Discussion of who “wins” a debate leads to a false equivalence. I find it ridiculous that we declare someone to be the “winner” at all. It leads to sweeping generalizations and ignores the crucial aspects of the debates themselves: what the candidates actually said. That is why the vice presidential debate was such a refreshing change of pace. The fact that these men were the supporters of the two great opponents made the audience listen to their arguments in the hopes of figuring out what made each candidate worth backing.
The standout was Joe Biden’s demeanor. He appeared jovial, laughing as Paul Ryan spoke and interrupting him frequently. Ryan did not rise to these jabs. His expression remained impassive and he remained unfazed; he was a true gentleman. Biden’s performance undoubtedly incensed conservatives and enlivened liberals, who remained disappointed in President Obama’s lackluster performance during his first debate.
The discussion began with the situation in Libya, during which Mr. Biden claimed, “We weren’t told they wanted more security for diplomatic facilities in Libya.” This statement is too broad to be correct. U.S. officials did know of a request for more security in Libya, but the request did not come from the embassy in Benghazi that was later attacked; it was from the Tripoli embassy. The state department’s refusal to send more security to Tripoli had no impact on the event in Benghazi, but Biden suggested in the debate that the White House had no knowledge of any request at all. This does not sit well with those who believe that the executive branch has been mishandling the crisis poorly for the past month, including myself.
When discussing domestic affairs, Ryan claimed that the president promised that unemployment would never rise above 8 percent. In fact, this number was merely a prediction made by a report, whose projection of the effects of the stimulus package came with heavy disclaimers. The president never mentioned such a number himself.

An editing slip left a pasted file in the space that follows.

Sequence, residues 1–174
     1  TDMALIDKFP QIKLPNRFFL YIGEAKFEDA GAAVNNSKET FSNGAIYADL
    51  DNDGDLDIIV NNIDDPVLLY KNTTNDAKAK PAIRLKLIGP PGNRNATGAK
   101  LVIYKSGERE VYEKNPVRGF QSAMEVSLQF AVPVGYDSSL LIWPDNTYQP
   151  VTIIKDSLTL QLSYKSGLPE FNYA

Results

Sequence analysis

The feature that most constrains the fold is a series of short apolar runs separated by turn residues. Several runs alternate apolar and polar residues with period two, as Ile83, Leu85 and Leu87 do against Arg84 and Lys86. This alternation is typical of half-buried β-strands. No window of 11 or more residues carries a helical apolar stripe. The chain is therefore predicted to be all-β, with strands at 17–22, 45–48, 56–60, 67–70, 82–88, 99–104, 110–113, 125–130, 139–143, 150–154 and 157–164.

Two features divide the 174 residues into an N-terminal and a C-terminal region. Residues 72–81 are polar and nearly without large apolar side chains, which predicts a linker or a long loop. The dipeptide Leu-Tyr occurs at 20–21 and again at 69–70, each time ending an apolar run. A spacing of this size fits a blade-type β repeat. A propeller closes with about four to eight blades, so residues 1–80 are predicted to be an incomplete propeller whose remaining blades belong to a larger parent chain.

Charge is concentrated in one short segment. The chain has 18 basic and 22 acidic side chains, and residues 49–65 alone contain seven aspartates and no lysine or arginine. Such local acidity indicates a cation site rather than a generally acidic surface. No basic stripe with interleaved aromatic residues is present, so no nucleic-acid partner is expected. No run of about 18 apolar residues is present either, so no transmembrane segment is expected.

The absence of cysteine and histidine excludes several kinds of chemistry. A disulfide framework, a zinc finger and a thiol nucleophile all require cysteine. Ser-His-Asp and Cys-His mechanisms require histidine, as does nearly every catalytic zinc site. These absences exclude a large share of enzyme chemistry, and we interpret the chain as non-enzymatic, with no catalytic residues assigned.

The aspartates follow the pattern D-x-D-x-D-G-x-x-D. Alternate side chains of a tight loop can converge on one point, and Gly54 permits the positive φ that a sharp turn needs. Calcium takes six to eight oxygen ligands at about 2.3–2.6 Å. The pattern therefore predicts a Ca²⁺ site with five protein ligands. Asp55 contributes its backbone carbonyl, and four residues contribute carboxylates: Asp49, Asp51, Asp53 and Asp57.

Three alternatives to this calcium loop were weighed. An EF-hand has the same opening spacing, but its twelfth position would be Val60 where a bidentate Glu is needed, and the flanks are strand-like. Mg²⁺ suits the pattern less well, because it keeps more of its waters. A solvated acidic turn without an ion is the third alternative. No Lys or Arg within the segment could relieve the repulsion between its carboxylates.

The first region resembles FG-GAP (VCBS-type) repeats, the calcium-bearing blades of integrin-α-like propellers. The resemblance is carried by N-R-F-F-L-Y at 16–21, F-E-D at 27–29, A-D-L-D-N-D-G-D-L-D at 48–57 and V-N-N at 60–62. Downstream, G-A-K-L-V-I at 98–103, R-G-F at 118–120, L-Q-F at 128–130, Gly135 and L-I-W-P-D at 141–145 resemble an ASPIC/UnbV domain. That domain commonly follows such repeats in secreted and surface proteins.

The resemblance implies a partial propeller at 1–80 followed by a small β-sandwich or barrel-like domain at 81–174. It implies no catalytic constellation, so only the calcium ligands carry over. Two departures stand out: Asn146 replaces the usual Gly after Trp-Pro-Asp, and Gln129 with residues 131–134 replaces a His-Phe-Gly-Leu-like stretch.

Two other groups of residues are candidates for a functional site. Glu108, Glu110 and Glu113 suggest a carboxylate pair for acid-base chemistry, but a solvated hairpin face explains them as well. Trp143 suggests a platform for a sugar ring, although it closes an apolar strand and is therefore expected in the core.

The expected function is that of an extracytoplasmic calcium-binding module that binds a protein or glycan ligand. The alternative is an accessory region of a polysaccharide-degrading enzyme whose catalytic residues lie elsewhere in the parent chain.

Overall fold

One of the biggest points of contention among conservatives is the idea that the president’s image as a celebrity is more important to him than his job. Ryan noted that when the president was in New York, he taped an interview on The View rather than meeting with Israeli Prime Minister Benjamin Netanyahu. In fact, the two men were not in New York at the same time: President Obama was there on Monday and Tuesday, while Netanyahu was there on Thursday and Friday later that week.
In my opinion, the most important question of the evening centered around each candidate’s view on abortion in connection to their personal faith. Here the American people have been given a clear distinction. Ryan cited “reason and science” as factors in his position as a being pro-life but elaborated no further. Instead, he discussed seeing his unborn daughter on the sonogram as “the size of a bean,” and how the feeling that such a small thing bearing the potential for human life inspired him. Biden, on the other hand, declared that he believes that life begins at conception, but that making his personal beliefs a matter of secular legislation is wrong. He does not condone having others make decisions for women about their own bodies.
The conservative movement maintains that they want government out of the private lives of citizens. The republican vice presidential candidate advocating making abortion and women’s health a matter of governmental intervention, based on his own personal experiences and faith, is striking. It is perhaps the most exemplary and candid expression of what the election represents to me: a difference of opinion, not on whether government should intervene in affairs, but where it should do so.
Even as we compare notes on the presidential debate at Hofstra, we should keep in mind the opportunities we were given with the vice presidential candidates. We were given an insight into the party stances and the supporting figures behind both candidates, unclouded by the media’s idea of “winners.”